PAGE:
[This is a guest blog from Dan Chabert. Dan writes from Copenhagen, Denmark. Dan is an entrepreneur, husband and ultramarathon distance runner. He spends most of his time on runnerclick.com, gearware.com and monicashealthmag.com. He has been featured on runner blogs all over the world.]
It’s dark when you wake up, and by 4:30 the sun is setting. You have more layers than an onion, and hand warmers are a staple of your wardrobe. You celebrate each venture outside that you don’t slip on the ice. Winter happens to runners each year without fail. It’s easy to lose your motivation when each run is a battle with the elements!
Racing is a popular way to stay on track and motivated by having a specific goal and training plan. But racing in the winter isn’t easy. Race day weather is a true wild card and getting all your training runs in between holiday plans and road conditions can be more of a stress than a positive motivator.
Here are 3 ways to stay motivated without signing up for a race:
Focus on Quality over Quantity
When the weather is nice and the sun is up before 6am, it’s not a trying experience to get up and out the door 4+ times a week. But, when it’s 12 degrees and so dark you need a headlight, summoning the will to get out of bed is tough, and staying out for 90+ minutes doesn’t sound as appealing.
By cutting down the number of runs a week – from, say, 5 to 3 – and focusing on the quality, it’s not as daunting and you can keep your fitness even when you aren’t running as often.
Interval runs, tempo, and track workouts can be done in shorter amounts of time and reap the benefits of longer lower-intensity runs. Track your progress over the weeks by logging your top speeds at varying intervals; 200m, 400m, 800m and the mile. Getting faster at these workouts can replace the drive and focus you typically get from race training.
Create a Group Challenge
Having outside accountability is a big motivating factor for nearly all of us, and stating your goals to others – even if you don’t actually know them! – can be what gets you out the door when you’d rather stay under the covers.
If you run with a local run group, suggest a challenge to the regulars to keep everyone engaged and excited through the winter months. Rewards can be anything from bragging rights to a raffle.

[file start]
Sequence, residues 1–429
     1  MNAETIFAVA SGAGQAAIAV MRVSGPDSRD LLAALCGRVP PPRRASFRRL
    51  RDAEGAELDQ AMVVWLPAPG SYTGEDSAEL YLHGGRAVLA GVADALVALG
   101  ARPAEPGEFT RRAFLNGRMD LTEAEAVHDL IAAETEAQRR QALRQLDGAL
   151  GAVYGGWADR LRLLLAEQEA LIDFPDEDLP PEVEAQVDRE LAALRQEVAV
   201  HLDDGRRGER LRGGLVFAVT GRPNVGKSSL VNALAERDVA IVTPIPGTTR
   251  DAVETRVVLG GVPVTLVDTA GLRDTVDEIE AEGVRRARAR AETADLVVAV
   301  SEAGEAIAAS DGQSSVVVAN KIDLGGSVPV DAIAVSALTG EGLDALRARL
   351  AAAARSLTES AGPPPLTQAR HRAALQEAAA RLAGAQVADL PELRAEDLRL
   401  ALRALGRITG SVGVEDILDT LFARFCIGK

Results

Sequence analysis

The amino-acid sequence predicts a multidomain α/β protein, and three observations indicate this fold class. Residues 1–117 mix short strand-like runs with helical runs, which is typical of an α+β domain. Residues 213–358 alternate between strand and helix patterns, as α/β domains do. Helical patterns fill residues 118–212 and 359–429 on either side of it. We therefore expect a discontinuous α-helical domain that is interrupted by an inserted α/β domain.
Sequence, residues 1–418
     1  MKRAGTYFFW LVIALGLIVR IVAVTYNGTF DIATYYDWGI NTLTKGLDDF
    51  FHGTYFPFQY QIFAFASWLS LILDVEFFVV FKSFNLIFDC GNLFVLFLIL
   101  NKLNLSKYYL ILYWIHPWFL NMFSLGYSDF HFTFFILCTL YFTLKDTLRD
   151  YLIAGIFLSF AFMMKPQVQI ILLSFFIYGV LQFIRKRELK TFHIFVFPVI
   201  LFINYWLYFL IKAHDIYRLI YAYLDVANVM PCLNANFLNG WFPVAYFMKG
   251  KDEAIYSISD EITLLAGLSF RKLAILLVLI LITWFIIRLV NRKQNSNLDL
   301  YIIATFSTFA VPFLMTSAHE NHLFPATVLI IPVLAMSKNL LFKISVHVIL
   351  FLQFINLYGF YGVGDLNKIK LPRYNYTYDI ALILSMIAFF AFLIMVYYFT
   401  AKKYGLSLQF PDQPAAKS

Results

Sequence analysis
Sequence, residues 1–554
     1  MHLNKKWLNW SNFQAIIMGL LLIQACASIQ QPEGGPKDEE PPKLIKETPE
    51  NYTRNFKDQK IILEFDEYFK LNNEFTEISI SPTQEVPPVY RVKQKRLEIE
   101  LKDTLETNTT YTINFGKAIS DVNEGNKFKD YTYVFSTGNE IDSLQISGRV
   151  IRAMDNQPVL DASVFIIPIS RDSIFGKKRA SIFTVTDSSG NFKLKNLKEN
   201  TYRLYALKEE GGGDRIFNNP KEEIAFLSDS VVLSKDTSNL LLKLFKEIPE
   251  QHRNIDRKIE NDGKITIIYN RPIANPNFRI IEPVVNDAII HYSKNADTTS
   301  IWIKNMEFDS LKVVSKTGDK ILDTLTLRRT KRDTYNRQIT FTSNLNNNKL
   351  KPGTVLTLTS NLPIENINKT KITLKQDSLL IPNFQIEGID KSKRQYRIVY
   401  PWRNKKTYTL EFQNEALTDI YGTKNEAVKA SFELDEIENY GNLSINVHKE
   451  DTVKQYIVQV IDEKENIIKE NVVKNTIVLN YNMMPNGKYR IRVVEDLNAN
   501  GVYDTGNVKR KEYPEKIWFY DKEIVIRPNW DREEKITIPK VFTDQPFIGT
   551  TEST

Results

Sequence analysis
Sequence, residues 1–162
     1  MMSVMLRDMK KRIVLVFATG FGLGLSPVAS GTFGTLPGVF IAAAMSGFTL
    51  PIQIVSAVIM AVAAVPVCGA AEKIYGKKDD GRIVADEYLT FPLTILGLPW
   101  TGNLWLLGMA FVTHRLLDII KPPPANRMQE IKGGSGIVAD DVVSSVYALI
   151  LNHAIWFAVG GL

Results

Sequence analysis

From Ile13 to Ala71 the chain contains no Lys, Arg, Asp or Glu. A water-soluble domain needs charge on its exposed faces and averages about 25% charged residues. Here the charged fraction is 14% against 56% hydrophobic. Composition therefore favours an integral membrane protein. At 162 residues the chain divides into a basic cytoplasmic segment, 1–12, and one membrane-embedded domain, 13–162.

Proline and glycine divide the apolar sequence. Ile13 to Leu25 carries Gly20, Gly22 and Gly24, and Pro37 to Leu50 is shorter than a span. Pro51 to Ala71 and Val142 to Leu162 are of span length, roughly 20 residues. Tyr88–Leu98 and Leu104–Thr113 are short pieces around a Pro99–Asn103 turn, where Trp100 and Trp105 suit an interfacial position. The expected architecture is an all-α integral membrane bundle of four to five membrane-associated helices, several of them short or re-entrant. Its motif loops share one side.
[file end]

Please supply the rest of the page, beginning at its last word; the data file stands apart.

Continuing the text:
Here’s some ideas:
● Logging the most miles with the group; weekly, monthly, November-February
● Beating your individual mileage; weekly, monthly, November-February
● Biggest streak in showing up each week
● Men vs women for total mileage; weekly, monthly, November-February
Thanks to apps like Runkeeper, Mapmyrun, Strava, and more, we’re no longer limited by location in finding running buddies. Join virtual challenges through these apps or your fitness tracker; Garmin, Fitbit, etc.
Try a Treadmill Program
It’s referred to the dreadmill for a reason; monotonous steady-state runs feel at least twice as long when you aren’t actually going anywhere. But, hear me out! The treadmill can be a useful tool, especially when weather and daylight come into play.
On the average gym treadmill, the preprogrammed workouts aren’t typically anything to get excited about. Fortunately fitness pros recognize this and there are some treadmill based training programs that will make you look at the treadmill in a completely different light!.
Personally, I completed David Siik’s 9-week Ultimate Treadmill Workout and was not only faster come March, but fully engrossed with the workouts all winter! I was continuously challenged and each segment was 2 minutes at the very most, but primarily 60 seconds or less.
Another popular option is Jill Coleman’s TreadLift 12-week program, which combines strength training and treadmill sprints to leave you faster and stronger. Each workout is 30 minutes or less which is perfect for a quick morning workout or post-work sweat session.
How do you stay motivated in the winter?